I would include donation for medical research on the list and as a city leader I would find some mechanism for encouraging medical research to coming to San Jose. Biomedical device development could really stimulate our tech industry.

  10. This cremation thing isn’t gonna do us any good in our effort to fool the world into believing we’re a ‘green’ city. All those greenhouse gasses and asthma inducing particulates floating around- yuck. 

    I’m surprised some of the more deranged members of the City Council haven’t suggested pursuing the biodiesel opportunity that presents itself here.  Just think. A little PR campaign run by Rich Robinson’s company to soften up the people. A half billion or so in grant money from Obama. And bam! We’re in the alternative energy industry!
    Imagine all the green jobs that’d be created. And for the first time in years at the gas station we’d be able to say, “fill it with Ethel!”

  11. Just when I think I’ve head it all:  we now have members of a General Plan Task Force angling to social engineer us in perpetuity.

    My name belies the fact that I’m half-Russian, and I happen to be a Russian Orthodox Christian.  I take umbrage with anyone who has the audacity to say that my faith’s practice of burial is “old fashoned.”

    I do not foist my faith upon anyone, believing that it is healthy to struggle with one’s own religious belief or unbelief, but that one crosses the line when chastising another for his or her religious practice, or lack there of.

    In addition to being a Russian Orthodox Christian, I readily admit to being a sinner.  So forgive me for suggesting that the members of this General Plan Task Force who wish to deny us the right to a proper Christian burial have already buried their heads you know where.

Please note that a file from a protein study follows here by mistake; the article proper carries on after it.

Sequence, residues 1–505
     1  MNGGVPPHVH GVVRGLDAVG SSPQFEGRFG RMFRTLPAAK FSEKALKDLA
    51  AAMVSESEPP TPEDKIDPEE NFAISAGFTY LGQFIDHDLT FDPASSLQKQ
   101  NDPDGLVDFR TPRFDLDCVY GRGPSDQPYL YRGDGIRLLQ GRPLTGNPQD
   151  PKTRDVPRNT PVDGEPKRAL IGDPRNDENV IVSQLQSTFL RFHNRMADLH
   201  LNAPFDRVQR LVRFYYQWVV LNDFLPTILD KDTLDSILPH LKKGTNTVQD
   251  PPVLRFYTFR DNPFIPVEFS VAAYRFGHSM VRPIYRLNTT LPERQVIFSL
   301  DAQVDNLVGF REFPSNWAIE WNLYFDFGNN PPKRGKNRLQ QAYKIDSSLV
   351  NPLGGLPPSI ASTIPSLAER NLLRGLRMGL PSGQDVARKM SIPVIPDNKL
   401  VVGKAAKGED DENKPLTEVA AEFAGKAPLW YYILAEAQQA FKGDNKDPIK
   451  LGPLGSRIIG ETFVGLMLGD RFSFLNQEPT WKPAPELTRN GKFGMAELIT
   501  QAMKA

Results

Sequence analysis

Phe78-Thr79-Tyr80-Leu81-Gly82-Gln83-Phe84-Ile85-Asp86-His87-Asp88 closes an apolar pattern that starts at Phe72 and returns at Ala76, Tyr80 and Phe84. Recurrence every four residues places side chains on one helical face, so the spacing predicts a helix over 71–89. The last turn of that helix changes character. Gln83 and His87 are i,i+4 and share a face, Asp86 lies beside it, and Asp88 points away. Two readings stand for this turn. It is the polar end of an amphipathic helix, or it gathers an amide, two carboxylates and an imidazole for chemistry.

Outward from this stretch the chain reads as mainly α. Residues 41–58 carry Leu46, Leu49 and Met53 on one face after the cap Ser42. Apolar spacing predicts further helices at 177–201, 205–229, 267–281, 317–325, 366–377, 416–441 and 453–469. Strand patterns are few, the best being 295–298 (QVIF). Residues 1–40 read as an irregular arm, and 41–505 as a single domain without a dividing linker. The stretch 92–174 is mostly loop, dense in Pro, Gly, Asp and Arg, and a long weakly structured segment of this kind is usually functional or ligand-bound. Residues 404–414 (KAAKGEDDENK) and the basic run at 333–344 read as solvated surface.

12. My sources tell me that cremation is only the first step and that there are ongoing clandestine negotiations between the city and medical marijuana operatives regarding “crematatory remains management”.

    If you see Dave Hodges out on the street screaming “Romulan Green is people!!!” you’ll know what’s up.

  13. Pierluigi,

    You and your colleagues need to read this article before you vote on spending any money on a ballpark or housing development or anything in the General Plan.

    San Jose may be labelled the Third Largest City in California and the 10th Largest in the US. Reallity is we are Numero Uno in the Suburban Category. The RDA and the City Council (CURRENT AND PAST) are to blame for the Ponzi (McENERY/Garden City/Swenson/Reed) Scheme we are collapsing under.

    P.S. It isnt employee pensions that got us here – it is unsustainable growth…apporoved by Council and planned to continue under GP2040!

  14. What a waste of an article! Glad the council and Mayor, whom by the way are failing at running this city are thinking about this. You all are a joke to this city.

Leave a Reply

Your email address will not be published. Required fields are marked *